Two years ago, in the aftermath of the earthquake, Paul Murray, a machine operator from Warrington, sponsored Napthalie, a little girl in Haiti. As a sixtieth birthday present to himself, he decided to go out and meet her.
“I had always donated to charities, but then the earthquake happened and I turned 60. I wanted to do something long-term, so I decided to sponsor a girl in Haiti. The trip to meet my sponsored child was a birthday present to myself.”
“It was a real shock to see the devastation in Port au Prince. Some roads are cleared and others are not — people have nothing yet seem to battle on. It was the most humbling experience of my life.
“When we arrived, we were greeted by the entire village. I'd brought a big suitcase full of school sets; folders, pencil case, pencils, pens, eraser, balloons and exercise books – 102 in total! A friend from work’s daughter (12 years old) had saved up from her pocket money to buy pencils to give to Napthalie and the other children at her school. She’d bought 80 pencils with her pocket money.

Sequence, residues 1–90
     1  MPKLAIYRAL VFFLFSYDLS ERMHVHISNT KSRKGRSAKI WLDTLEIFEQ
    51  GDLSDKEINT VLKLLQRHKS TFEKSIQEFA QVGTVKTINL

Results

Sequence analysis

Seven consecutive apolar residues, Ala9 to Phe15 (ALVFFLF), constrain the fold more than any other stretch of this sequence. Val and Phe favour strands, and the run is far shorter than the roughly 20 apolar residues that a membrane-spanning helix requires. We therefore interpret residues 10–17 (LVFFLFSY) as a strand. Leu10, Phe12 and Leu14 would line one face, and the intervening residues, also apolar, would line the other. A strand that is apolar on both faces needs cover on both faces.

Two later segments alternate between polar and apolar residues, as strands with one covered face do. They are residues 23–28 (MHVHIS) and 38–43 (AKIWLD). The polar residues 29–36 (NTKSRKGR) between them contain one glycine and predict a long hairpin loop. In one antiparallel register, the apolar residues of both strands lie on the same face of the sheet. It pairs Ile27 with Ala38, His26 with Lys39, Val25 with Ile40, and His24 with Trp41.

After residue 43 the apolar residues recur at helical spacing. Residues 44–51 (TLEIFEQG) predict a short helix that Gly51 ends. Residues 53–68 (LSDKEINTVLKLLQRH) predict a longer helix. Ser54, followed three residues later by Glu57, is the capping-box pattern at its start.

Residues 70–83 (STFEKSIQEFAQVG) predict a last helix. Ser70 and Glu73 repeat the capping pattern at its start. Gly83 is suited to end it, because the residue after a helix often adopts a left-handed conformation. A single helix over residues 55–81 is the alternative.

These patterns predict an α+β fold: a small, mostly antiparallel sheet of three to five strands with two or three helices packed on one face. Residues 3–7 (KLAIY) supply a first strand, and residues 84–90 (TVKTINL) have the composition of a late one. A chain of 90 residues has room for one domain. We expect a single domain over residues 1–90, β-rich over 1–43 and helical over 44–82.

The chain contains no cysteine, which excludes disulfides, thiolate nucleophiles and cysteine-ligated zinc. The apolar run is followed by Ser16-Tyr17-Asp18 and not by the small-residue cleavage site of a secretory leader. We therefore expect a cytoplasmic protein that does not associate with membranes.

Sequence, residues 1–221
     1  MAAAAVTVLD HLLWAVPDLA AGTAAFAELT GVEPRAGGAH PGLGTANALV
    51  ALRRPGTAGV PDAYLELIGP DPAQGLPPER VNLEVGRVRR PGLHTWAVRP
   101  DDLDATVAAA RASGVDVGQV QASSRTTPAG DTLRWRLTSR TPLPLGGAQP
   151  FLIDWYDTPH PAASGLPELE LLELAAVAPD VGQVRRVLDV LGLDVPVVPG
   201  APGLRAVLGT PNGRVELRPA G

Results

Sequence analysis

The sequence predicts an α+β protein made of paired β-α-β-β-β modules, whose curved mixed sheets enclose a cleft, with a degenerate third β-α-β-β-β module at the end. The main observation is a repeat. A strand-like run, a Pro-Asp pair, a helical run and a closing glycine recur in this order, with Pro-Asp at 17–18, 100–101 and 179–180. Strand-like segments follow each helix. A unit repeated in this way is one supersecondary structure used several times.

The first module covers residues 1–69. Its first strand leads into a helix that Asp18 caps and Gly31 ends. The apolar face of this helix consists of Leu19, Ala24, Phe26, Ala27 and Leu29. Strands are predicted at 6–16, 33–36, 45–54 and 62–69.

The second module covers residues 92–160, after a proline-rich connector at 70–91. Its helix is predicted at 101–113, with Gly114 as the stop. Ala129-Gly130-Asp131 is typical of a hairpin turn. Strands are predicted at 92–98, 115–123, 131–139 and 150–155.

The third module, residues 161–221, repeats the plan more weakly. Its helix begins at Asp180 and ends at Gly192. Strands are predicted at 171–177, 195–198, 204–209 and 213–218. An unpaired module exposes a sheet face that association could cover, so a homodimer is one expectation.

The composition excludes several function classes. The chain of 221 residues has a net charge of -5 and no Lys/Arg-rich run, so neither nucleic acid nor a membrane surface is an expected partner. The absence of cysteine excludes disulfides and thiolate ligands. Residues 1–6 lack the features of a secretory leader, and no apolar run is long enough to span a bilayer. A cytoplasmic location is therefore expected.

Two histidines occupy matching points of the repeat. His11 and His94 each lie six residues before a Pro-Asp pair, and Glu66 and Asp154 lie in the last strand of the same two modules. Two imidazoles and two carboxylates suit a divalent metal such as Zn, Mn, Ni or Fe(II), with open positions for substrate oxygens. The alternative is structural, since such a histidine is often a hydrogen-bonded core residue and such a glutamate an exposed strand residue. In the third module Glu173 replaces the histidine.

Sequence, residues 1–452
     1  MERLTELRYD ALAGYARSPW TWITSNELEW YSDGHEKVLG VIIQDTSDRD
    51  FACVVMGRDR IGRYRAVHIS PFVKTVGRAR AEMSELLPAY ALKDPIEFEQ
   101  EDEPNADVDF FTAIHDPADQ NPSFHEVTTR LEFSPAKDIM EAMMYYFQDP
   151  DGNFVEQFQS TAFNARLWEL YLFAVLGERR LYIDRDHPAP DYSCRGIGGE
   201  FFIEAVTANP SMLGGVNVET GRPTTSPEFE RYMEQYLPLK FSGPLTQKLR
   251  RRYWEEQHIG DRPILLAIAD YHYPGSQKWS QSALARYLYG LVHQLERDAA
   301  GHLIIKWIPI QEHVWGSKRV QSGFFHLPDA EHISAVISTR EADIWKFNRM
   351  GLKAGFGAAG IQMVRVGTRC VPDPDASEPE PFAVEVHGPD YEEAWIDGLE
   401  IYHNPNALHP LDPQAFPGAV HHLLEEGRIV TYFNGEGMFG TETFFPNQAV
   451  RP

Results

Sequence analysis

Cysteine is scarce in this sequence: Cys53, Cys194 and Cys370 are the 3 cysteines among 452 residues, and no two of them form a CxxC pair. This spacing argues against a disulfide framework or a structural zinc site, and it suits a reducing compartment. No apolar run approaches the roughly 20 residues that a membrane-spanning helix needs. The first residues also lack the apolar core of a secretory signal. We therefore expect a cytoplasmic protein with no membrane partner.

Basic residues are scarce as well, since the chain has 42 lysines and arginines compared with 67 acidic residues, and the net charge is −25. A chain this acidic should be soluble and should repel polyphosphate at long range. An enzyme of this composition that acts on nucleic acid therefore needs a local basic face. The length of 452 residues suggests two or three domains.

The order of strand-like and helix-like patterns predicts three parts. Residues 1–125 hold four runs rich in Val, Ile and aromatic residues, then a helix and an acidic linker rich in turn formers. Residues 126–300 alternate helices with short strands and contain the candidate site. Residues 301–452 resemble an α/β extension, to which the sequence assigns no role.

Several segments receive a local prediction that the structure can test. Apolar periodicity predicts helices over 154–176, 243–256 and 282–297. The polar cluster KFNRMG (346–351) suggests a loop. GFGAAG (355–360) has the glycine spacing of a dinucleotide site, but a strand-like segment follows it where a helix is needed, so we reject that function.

“Being there, I could grasp the scale of the disaster and there’s definitely still a lot to do. I also got a sense of the trauma that the earthquake had caused and was wondering how on earth they were coping.
“My sponsored child, Napthalie, had written her own greeting song for me. She and the other children did a little show — dancing and singing — to welcome me. The whole village had turned out and they gave me gifts of fruits. There must have been at least 100 kids and 200 adults there. It was quite overwhelming for me — I wasn’t expecting quite such a welcome! They made such a fuss of me — I wouldn’t have missed it for the world!”
In Haiti, child sponsorship is providing the kind of long-term help that people really need to rebuild their country